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When plastic beer mugs with Yankee photos on them were suggested by his promotion department as gifts for Fan Appreciation Day, Steinbrenner seemed vitally interested. "Yes, that's good, but you've got to make sure we have enough of them," he said. "We can't give out 30,000 mugs if we're going to have 50,000 people in the park. From a public-relations standpoint, it would be murder. The only thing that can hurt us is ourselves. It's happened before right here, and it's happening now across the city." To Steinbrenner, "across the city" means the Mets, and he has as much use for them as he has for punk-rock musicians. He is still steamed at what he considered to be their arrogance during the Yankees' two years as tenants in Shea Stadium. The Mets' disastrous performance this season displeased him not in the least. "They owned this city," he is fond of saying. "We were just tenants. Now look what's happened."
Steinbrenner's record of good deeds persists in the Bronx. The Yankees financed a $40,000 restoration of handball courts across the street from the stadium. They have contributed $5,000 toward the construction of Babe Ruth Field, also across the street. The team underwrote the recent Morgan State-Grambling charity football game for black college scholarships at the stadium.
For all of this involvement, Steinbrenner insists that he is slowly phasing himself out of the Yankee picture, that all he is doing now is organizing a staff he can trust so that in a few years he can repair to his Florida digs and commune with his horses. In the meantime, his fingers will be in the pie. "As baseball is constituted today, an owner who doesn't get involved is in trouble," he says. "I rely very strongly on the judgment of my baseball people—Gabe and Billy—but baseball men are not businessmen. There are millions of dollars invested in this organization. To just sit back and go to an occasional ball game is just crazy."
Charm seems an unlikely word to be applied to so volatile and abrasive a personality as Steinbrenner. But it is heard. "He's a real charmer," says Fishel matter-of-factly. Even disgruntled former employees speak of his "Jekyll and Hyde" personality, conceding that he is at least two parts Jekyll and one part Hyde. Samuel, who was once fired by Steinbrenner in the pre-Yankee days, says, "I just have this great respect and love for the guy."
It is Steinbrenner's obsession with toughness that detracts from a more sensitive nature. He is the man on the move, the one who taps his pencil if the talk is not fast enough. But his pose as a martinet can swiftly dissolve into bluff affability, particularly if he is in the company of other high rollers. His political and show-business connections have brought him close to any number of national celebrities, but he seems on less comfortable terms with the stars in his clubhouse. During a stretch this year when Steinbrenner was traveling from city to city to inspect the performances of his minions, there was even a player who said, "The more we lose, the more often Steinbrenner will fly in, and the more he flies in, the better chance there is of a plane crashing."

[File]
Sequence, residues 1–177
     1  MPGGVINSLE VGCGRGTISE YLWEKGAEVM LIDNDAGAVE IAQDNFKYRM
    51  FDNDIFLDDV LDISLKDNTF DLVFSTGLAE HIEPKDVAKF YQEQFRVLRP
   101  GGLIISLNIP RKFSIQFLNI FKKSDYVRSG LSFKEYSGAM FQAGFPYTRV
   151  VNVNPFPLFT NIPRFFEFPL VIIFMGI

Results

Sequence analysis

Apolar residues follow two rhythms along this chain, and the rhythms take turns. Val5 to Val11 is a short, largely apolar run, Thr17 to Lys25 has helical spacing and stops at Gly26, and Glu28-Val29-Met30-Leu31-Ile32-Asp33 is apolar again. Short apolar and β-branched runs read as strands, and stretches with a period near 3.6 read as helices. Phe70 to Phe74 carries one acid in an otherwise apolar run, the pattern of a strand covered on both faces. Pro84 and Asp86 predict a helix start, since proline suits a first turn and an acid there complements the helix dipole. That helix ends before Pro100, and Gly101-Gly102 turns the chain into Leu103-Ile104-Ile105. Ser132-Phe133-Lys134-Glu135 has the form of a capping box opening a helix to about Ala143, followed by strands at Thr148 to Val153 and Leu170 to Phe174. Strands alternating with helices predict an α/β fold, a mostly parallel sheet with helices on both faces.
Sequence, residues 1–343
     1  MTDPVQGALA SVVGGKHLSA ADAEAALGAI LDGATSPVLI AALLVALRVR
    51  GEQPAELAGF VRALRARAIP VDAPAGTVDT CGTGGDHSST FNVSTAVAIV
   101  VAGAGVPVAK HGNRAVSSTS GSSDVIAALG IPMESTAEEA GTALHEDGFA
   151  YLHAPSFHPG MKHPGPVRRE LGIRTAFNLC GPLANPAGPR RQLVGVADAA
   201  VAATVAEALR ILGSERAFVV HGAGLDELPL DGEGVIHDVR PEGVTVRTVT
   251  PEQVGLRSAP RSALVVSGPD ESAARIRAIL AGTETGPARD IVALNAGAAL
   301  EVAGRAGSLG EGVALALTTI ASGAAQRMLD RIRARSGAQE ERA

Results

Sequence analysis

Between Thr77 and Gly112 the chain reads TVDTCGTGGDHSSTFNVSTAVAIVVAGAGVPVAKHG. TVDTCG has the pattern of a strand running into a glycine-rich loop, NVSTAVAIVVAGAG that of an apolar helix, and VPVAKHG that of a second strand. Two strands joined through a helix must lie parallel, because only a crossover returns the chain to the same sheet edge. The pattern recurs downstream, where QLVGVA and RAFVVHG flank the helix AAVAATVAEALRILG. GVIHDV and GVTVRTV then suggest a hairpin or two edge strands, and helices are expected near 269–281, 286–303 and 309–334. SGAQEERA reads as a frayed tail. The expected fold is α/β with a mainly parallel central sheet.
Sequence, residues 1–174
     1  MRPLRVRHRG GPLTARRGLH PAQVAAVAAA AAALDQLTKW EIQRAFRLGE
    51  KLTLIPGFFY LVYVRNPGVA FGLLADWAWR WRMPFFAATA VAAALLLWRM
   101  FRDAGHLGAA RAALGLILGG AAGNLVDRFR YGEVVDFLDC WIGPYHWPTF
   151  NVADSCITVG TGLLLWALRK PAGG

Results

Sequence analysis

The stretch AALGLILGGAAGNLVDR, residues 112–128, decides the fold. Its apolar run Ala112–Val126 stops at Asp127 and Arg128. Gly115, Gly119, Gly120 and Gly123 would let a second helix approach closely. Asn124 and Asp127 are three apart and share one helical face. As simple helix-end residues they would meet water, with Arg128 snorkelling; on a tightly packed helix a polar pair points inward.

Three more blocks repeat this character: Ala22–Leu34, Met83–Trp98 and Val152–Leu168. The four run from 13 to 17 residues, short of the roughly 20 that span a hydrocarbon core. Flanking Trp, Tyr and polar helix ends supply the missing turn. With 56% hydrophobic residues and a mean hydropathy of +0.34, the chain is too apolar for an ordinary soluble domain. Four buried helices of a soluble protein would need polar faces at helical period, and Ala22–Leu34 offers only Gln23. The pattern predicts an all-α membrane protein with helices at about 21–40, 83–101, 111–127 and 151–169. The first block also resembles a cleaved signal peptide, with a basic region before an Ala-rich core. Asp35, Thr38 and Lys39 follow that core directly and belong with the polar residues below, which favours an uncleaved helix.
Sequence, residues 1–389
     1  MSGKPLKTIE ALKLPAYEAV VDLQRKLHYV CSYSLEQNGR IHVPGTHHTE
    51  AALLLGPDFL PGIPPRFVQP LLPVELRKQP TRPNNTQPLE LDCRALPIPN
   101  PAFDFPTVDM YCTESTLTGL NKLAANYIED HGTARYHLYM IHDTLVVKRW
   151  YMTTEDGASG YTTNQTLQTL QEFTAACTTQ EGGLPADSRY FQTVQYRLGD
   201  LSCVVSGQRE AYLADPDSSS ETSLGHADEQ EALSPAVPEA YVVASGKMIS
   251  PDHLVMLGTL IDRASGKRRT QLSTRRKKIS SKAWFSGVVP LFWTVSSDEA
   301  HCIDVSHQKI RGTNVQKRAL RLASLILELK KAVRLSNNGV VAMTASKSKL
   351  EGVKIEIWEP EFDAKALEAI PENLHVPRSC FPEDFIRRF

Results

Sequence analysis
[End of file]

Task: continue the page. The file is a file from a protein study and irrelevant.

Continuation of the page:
"There are some guys who dislike George out of misunderstanding," says Jackson, who after eight years with Charles O. Finley knows full well how disagreeable an owner can be. "It's human nature to want to win and to be included in the winning. It makes you feel you're part of something. A lot of the guys don't understand that. All an owner wants is for you to acknowledge him, to come up to him sometimes and call him 'Mr. Steinbrenner,' to give some respect. George likes to talk with the boys, to bring his executives into the clubhouse and show off a little. What's wrong with that? Like the other night, I saw George with some people over at Jimmy Weston's, so I sent over a round of drinks. I think he appreciated that."
Steinbrenner is often seen at Weston's, a 54th Street boite frequented by the sporting crowd, including some of his own ballplayers. He is recognized there, treated with deference. Weston's has inherited many of the old Toots Shor's customers, and Steinbrenner likes the masculine atmosphere. He feels none of the hostility there he might attract elsewhere. On a sultry August night, he was having dinner at Weston's with his friend Mike Forrest. Steinbrenner was no tough guy this night. The next morning he would attend the funeral of Lou Saban's wife in Buffalo, and he was considerably saddened by the prospect. The hard-fisted magnate was reflective.
"There has to be a heavy in everything," he said, remarking on the role he seems to be playing. "He's always the guy who has to make the tough decisions, the boss. I realize I'm going to be a heavy in a lot of things, but I'm going to do what I can to bring the Yankees back all the way. This country didn't get where it is without a lot of heavies." He paused, calling back some of the great heavies of history. "Harry Truman was the heavy in the MacArthur decision—I saw that movie just the other day. But time has vindicated him. My vindication? Well, we won the pennant last year for the first time in 12 years and drew two million for the first time since 1950. And we're doing it again. That's vindication."
Glenn Covington, who plays piano and sings in a neo-Fats Waller manner, stopped to chat with Steinbrenner before going onstage. He is a round-faced, chocolate-colored man who was dressed this night in a safari suit. He is also an enthusiastic Yankee fan. "How about that game today, Mr. Steinbrenner?" he said, plopping into a chair next to the owner. "Chambliss came through again."
"Yeah," said Steinbrenner, happily. "Super. Unreal." He placed a large hand on the entertainer's shoulder. "Say, would you play Country Road first tonight. I've got to leave pretty soon. Funeral tomorrow. Have to fly to Buffalo."